It’s all about the journey.
One great aspect about making that journey in a camper van such as the Sun Living V60SP, or in a motorhome, or even towing a caravan, is that you have everything with you should you need it: Your kitchen, your bed, and, crucially, your bathroom. Suddenly you are no longer dependent on finding a cafe that serves the food you like, or a comfortable hotel that you can afford, or a clean public convenience. Isn’t ‘clean public convenience’ an oxymoron, anyway? All you need to do is find somewhere safe and legal to park up. The smaller your rig, the easier that will be.
Free of such restrictions, you can avoid all the trappings of a fixed schedule. You make up your own timetable, and create your journey in the way that you want to make it, not in a way dictated by hotel reservations or restaurant opening times.
Setting off on my Scottish Winter Adventure, I figured that leaving the crowded South East of England for Scotland on 27th December would be the logical thing to do. Unfortunately, it seemed that everybody else in the entire country had exactly the same idea.
Very quickly, all the major motorways up and down the UK became congested, clogged, or simply blocked for hours on end. Desperate folk reported spending over an hour trying to get into a service area, another hour waiting for a parking space, an hour getting food, then another hour trying to rejoin the traffic jam on the motorway.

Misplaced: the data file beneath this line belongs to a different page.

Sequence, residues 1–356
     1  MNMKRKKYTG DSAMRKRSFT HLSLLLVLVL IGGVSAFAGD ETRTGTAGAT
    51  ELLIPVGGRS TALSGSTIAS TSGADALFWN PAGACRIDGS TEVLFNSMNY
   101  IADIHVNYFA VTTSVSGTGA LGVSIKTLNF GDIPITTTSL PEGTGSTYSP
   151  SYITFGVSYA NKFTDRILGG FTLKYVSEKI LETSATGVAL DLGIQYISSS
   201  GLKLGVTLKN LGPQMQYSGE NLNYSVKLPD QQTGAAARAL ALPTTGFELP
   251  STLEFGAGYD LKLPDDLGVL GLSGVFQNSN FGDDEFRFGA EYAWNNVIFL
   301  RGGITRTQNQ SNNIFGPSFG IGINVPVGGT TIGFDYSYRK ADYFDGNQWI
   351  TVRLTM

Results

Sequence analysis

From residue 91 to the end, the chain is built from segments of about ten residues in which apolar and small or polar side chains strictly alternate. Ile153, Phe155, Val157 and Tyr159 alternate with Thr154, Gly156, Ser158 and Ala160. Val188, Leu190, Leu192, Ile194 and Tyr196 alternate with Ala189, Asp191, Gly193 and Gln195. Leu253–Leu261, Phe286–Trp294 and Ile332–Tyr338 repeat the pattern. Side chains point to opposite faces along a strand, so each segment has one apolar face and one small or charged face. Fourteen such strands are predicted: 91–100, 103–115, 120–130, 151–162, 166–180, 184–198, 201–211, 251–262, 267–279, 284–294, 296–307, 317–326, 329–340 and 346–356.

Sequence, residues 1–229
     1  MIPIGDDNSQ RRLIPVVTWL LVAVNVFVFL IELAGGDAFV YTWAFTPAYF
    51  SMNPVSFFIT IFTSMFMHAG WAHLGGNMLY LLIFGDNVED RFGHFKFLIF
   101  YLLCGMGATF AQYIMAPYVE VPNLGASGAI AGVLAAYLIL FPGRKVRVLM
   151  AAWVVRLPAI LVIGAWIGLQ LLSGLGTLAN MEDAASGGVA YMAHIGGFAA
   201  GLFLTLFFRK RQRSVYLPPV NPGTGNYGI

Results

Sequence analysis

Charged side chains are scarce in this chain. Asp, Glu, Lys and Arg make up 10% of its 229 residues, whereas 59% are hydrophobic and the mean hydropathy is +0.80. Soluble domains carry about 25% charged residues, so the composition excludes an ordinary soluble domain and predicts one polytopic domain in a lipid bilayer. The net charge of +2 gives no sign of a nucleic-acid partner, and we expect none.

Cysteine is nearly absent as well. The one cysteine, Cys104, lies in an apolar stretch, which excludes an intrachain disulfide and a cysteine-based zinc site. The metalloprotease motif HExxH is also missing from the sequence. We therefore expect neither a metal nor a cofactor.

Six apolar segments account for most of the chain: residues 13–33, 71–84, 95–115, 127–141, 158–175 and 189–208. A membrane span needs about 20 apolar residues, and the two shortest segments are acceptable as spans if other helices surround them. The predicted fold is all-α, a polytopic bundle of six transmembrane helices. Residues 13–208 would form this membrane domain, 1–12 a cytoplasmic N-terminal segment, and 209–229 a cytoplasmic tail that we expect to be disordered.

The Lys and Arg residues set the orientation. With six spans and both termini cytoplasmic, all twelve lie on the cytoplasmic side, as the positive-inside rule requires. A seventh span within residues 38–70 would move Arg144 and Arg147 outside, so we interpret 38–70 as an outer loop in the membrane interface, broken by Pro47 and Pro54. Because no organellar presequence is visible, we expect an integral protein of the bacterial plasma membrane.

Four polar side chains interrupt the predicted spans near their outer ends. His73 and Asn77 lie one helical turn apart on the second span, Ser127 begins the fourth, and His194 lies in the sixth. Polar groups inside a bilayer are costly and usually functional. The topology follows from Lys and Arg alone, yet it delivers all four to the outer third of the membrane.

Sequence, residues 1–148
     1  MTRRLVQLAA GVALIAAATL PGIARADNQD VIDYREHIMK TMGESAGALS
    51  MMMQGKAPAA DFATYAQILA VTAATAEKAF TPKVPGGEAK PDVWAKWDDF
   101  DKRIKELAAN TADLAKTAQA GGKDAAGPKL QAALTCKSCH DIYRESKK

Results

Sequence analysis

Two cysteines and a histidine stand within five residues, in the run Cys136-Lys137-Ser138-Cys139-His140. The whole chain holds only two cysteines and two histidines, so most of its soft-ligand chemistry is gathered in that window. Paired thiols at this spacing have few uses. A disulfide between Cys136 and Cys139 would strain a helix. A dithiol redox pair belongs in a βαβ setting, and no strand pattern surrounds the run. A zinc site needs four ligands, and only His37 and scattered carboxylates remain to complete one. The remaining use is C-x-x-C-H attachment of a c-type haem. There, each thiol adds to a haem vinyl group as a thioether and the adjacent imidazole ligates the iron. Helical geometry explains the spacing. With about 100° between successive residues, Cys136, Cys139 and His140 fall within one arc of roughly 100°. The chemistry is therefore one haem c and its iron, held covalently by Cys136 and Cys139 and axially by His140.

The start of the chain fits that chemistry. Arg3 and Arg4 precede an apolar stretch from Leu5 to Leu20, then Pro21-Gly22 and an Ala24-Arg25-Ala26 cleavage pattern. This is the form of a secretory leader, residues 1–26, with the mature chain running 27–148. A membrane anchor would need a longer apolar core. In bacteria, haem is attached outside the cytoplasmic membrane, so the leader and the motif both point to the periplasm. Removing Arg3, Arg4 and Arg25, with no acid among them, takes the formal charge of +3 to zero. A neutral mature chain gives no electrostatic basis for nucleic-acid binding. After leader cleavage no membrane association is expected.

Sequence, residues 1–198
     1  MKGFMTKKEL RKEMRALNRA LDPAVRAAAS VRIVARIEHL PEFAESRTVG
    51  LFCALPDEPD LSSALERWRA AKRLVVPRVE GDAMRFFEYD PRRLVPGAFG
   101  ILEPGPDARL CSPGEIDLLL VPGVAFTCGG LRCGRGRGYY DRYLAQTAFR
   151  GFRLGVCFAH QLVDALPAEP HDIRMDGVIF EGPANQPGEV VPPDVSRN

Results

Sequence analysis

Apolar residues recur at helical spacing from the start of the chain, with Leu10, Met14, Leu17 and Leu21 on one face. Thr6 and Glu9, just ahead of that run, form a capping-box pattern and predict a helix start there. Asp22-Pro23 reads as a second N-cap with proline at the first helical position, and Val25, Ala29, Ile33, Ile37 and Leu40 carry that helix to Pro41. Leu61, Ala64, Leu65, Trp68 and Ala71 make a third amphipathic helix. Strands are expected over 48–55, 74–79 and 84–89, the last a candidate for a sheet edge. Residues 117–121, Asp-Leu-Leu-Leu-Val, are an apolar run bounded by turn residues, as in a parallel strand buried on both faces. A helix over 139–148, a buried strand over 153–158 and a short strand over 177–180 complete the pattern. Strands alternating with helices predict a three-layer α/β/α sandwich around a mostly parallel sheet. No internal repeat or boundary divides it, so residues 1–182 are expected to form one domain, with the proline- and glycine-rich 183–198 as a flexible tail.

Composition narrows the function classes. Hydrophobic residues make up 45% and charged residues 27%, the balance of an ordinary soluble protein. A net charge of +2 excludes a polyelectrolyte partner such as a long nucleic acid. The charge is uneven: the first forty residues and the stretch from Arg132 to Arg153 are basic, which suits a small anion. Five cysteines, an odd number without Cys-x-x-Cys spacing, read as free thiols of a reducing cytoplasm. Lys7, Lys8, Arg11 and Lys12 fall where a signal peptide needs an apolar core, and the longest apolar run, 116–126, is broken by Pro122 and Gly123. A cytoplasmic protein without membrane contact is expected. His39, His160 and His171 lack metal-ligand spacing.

By the wonder of technology, I could see these hold-ups on my mobile phone. As much as I wanted to get to Scotland that same day, it seemed pretty pointless to sit on a motorway for hours on end with the engine idling and my blood pressure rising. There seemed little point in my adding to the problem.
Instead of sitting in traffic, I went to the camera shop to buy the camera I’d been researching for weeks but had never made the time to go and buy. I cooked and ate a delicious lunch of sausage, peas, carrots, and mash made just the way I like it and perfectly adjusted to my dietary sensibilities. I found a stunningly beautiful part of the Surrey Hills and took Dougal on a bracing walk, working off our energy and drinking in the relaxing and beautiful surroundings. I even took myself off to bed for an hour for a relaxing nap.
It was 6pm before we set off for Scotland, but the road was clear all the way. The only stops we made were the ones we chose to make.
It was 1.30 in the morning when we eventually crossed the border into Scotland, and 2am before parking up for the night. Granted, we had arrived probably two hours later than we would have done had we stuck it out and sat in traffic. But we had enjoyed the day and enjoyed the journey, and had spent eight hours on the road, not 14 hours as some poor folks had done.
‘When we arrived home in Scotland after 14 hours in traffic, I just wanted to cry!’ one of my commentators told me after her travel ordeal that fateful day. I imagine most people who travelled on that day did want to cry. That is, those people who didn’t travel in a camper van.